Old Bro comes from the Old Bro bowl that was built by a group of Old Guys in 2006. I went to a Skatopia 30th reunion and was talking to a bunch of guys, some I had known for thirty plus years and some I had just met, and we said how we should build a skate spot that we could all enjoy. I had a big backyard just blocks from the beach and the Old Bro was borne. That day people who I had just met, wrote me checks or committed to funds or materials and we started building. My wife Pat was always on board with the whole idea. We built a really fun bowled in mini ramp that was featured in CW that year but we were soon forced to sell the house, so we had to cut the ramp up and move it to our new house. Once again my wife was adamant that any home we bought, had to have room for the Old Bro. So we moved the ramp and soon people from all over the country and the world came to skate “the Old Bro” soon those became “Old Bro sessions” and the “Old Bro Crew” started growing and people started referring to sessions all over S.D.’s North county as “Old Bro Sessions” no matter where they went down.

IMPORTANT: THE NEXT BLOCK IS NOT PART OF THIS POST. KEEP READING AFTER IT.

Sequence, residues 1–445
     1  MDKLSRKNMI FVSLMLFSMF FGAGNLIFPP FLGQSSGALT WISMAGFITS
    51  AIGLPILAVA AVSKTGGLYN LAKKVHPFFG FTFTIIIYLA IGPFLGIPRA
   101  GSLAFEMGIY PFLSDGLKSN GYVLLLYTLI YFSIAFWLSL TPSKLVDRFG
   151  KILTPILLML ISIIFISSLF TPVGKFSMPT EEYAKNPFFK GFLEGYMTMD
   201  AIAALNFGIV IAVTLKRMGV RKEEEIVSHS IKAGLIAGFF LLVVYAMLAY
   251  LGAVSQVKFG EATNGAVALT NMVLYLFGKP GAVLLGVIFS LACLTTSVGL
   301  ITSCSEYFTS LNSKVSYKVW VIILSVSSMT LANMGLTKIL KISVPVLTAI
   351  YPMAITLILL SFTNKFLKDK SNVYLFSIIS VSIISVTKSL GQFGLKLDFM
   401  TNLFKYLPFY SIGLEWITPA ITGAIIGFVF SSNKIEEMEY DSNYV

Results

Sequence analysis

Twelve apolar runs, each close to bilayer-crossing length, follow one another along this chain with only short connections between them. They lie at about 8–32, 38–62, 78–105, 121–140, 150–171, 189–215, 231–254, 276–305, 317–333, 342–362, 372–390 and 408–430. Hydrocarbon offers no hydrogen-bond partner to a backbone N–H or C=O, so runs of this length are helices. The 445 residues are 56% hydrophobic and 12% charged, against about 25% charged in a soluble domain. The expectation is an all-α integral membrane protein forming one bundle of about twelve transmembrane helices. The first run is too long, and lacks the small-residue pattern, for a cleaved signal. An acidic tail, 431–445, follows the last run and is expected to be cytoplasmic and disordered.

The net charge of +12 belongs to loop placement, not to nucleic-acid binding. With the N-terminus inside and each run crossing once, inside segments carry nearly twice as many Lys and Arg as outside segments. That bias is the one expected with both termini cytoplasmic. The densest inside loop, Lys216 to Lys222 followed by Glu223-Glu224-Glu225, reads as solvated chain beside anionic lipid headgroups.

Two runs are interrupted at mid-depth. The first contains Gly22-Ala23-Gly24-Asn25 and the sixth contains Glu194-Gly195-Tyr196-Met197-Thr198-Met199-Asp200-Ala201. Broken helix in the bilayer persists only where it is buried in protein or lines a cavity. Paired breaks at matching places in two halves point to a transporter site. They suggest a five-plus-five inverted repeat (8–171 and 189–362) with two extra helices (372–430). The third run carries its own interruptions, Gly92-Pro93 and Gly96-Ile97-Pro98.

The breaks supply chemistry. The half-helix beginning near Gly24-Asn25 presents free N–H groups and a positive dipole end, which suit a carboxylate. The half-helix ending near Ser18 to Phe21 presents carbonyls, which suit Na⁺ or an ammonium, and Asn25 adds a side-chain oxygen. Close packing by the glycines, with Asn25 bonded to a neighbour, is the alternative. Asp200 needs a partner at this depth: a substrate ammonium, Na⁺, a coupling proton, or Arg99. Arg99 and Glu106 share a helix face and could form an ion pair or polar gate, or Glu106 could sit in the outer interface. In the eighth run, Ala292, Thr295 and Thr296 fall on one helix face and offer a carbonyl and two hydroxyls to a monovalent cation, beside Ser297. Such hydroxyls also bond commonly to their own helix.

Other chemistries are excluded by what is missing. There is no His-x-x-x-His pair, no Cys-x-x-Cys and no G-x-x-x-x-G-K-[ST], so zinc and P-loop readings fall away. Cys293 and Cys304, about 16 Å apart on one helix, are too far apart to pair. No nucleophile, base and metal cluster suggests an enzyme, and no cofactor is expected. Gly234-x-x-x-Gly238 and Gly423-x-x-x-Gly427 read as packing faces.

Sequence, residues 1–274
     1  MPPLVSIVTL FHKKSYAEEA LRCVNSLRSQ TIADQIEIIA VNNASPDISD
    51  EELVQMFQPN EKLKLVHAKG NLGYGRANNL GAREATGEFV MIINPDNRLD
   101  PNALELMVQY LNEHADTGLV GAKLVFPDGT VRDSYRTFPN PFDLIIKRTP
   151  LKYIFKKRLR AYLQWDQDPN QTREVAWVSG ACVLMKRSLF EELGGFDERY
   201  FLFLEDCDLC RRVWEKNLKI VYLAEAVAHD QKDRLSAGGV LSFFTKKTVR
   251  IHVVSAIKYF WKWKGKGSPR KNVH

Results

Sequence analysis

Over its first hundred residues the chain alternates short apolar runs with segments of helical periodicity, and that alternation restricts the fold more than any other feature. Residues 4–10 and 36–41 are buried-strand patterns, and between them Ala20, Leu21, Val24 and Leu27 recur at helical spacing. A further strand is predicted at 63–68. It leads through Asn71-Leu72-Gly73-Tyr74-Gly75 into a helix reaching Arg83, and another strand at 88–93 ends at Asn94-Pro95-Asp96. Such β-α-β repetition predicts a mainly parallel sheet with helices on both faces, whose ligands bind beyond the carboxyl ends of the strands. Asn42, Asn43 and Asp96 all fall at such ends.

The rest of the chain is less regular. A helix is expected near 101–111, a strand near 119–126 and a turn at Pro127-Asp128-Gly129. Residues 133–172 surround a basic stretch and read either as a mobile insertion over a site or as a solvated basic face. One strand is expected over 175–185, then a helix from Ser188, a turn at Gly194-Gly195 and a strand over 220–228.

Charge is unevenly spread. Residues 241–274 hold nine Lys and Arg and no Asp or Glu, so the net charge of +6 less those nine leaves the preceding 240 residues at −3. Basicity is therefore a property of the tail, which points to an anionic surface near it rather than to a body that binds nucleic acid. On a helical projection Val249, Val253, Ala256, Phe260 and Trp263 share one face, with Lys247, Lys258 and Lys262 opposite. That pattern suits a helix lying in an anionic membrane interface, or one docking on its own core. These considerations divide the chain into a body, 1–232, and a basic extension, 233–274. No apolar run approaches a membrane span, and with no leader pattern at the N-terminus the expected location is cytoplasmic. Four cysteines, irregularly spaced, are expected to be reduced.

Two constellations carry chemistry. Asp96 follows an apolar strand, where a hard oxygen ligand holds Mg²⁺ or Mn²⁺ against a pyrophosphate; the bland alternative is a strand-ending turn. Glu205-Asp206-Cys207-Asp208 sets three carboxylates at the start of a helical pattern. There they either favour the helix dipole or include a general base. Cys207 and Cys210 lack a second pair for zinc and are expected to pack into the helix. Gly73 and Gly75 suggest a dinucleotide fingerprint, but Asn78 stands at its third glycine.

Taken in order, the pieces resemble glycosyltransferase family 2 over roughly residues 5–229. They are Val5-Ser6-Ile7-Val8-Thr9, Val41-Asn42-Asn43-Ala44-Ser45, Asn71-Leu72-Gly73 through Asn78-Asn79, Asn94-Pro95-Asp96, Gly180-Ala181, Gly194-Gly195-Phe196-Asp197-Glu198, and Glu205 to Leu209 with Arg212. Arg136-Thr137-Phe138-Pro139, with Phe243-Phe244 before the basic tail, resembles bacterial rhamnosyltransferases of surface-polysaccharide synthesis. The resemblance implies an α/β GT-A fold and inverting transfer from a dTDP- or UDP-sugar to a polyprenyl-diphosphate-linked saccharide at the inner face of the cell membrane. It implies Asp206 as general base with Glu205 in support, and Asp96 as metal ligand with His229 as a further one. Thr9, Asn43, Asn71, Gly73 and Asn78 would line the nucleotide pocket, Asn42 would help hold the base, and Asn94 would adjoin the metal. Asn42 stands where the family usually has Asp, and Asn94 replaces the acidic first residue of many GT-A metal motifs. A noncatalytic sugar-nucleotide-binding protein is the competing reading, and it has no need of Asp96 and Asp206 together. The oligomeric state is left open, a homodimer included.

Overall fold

I soon realized that Old Bro was more of a feeling, a vibe or a way that you referred to your long time friends and acquaintances and stopped being about the ramp. It is now a brand and sort of a movement. a way that we all just connect with one another. I talk to guys all over the country and the world and we instantly connect because, we are Old Bro’s.
4- Do we have to be old to be old bro ?
Ha! no. you don’t have to be old. I often say that everybody has an Old Bro, or is one, or knows one. If you are a 14 year old kid but you have a buddy that you’ve known since you were 6, well he’s your Old Bro! or you are a 30 something dude and you’ve got a friend form collage or you have this friend that was a friend of your old man’s, or that 14 year old looks up to you, you either are, have, or know an Old Bro, and you are an Old Bro to someone. And this goes for any type of activity, not just skating because it can be so many things that bring us together and make us appreciate our Old Bro’s.
Thank you my friend Tibs for asking me these questions, you are truly an Old Bro.
Follow the OldBro on
Facebook: the Old Bro Group page